Avatar and the Faith Instinct
You probably don't need a long synopsis of
In short, "Avatar"
tells the tale of a disabled Marine,
The film has been subjected to a sustained assault from many on the
right, most notably by
What would have been controversial is if -- somehow -- Cameron had
made a movie in which the good guys accepted
Of course, that sounds outlandish and absurd, but that's the point, isn't it? We live in an age in which it's the norm to speak glowingly of spirituality but derisively of traditional religion. If the Na'Vi were Roman Catholics, there would be boycotts and protests. Make the oversized Smurfs Rousseauian noble savages and everyone nods along, save for a few cranky right-wingers.
I'm certainly one of those cranky right-wingers, though I probably enjoyed the movie as cinematic escapism as much as the next guy.
But what I find interesting about the film is how what is "pleasing to the most people" is so unapologetically religious.
Wade argues that the Darwinian evolution of man depended not only on individual natural selection but also on the natural selection of groups. And groups that subscribe to a religious worldview are more apt to survive -- and hence pass on their genes. Religious rules impose moral norms that facilitate collective survival in the name of a "cause larger than yourself," as we say today. No wonder everything from altruism to martyrdom are part of nearly every faith.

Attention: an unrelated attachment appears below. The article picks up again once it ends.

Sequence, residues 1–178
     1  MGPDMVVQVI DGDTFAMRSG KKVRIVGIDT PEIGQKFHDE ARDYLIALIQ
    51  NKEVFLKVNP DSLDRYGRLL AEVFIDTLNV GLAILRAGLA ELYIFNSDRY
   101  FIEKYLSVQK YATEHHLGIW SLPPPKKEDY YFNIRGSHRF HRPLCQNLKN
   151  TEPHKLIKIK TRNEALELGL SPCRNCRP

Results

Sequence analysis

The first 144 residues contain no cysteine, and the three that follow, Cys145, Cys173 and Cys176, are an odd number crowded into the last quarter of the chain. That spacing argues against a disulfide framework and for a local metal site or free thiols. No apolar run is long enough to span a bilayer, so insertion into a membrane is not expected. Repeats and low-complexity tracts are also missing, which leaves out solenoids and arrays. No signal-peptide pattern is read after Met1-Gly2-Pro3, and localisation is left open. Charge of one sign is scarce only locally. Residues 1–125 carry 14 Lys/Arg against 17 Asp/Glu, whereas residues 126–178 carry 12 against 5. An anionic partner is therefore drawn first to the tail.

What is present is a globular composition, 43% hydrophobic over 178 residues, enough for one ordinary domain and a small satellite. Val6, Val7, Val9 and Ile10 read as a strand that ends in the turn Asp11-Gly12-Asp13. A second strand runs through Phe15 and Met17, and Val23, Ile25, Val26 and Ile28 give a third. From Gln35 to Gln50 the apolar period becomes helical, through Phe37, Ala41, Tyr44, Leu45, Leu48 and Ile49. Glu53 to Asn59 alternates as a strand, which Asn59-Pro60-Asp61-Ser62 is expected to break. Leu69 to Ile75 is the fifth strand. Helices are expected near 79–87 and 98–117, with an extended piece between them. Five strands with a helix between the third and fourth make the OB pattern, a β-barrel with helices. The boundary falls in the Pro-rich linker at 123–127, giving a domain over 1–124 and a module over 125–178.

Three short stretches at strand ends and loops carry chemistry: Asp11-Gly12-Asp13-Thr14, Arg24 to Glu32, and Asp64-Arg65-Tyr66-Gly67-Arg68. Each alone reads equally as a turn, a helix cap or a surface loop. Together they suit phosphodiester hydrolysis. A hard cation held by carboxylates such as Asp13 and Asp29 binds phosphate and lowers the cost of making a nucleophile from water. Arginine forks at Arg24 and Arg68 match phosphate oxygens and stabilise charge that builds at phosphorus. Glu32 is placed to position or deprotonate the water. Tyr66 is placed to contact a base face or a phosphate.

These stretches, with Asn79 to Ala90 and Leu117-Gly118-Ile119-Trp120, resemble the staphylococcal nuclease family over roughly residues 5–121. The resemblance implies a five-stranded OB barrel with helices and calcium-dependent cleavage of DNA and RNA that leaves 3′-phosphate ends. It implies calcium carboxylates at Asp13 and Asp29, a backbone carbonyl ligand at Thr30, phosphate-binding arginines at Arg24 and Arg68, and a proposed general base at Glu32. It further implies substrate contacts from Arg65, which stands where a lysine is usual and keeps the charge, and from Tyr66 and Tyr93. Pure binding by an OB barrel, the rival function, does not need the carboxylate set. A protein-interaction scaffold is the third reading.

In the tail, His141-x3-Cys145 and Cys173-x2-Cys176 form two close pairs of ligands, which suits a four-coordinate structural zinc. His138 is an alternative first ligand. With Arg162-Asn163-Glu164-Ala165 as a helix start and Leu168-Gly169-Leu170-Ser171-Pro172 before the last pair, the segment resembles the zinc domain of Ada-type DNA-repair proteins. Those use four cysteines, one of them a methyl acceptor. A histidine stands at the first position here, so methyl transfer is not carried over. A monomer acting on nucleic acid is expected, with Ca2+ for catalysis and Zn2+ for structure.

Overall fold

The faith instinct may be baked into our genes, but it is also profoundly malleable. Robespierre, the French revolutionary who wanted to replace Christianity with a new "age of reason," emphatically sought to exploit what he called the "religious instinct which imprints upon our souls the idea of a sanction given to moral precepts by a power that is higher than man."
Many environmentalists are open about their desire to turn their
cause into a religious imperative akin to the plight of the Na'Vi, hence
What I find fascinating, and infuriating, is how the culture-war debate is routinely described by antagonists on both sides as a conflict between the religious and the un-religious. The faith instinct manifests itself across the ideological spectrum, even if it masquerades as something else.
On the right, many conservatives have been trying to fashion what might be called theological diversity amid moral unity. Culturally conservative Catholics, Protestants and -- increasingly -- Jews find common cause. The left is undergoing a similar process, but the terms of the debate are far more inchoate and fluid. What is not happening is a similar effort between left and right, which is why the culture war, like the faith instinct, isn't going away any time soon.
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Avatar and the Faith Instinct | Jonah Goldberg
(c) 2009 U.S. News & World Report